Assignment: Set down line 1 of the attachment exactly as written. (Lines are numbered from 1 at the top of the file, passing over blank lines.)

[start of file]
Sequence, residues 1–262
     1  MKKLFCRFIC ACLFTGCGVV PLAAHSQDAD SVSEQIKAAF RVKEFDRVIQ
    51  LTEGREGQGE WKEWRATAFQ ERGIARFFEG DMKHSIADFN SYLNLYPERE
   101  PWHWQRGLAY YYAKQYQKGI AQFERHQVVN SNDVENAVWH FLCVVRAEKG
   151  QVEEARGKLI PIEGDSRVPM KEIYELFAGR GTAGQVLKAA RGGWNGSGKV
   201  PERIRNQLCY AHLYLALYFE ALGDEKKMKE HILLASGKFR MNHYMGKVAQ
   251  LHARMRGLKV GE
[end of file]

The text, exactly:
Sequence, residues 1–262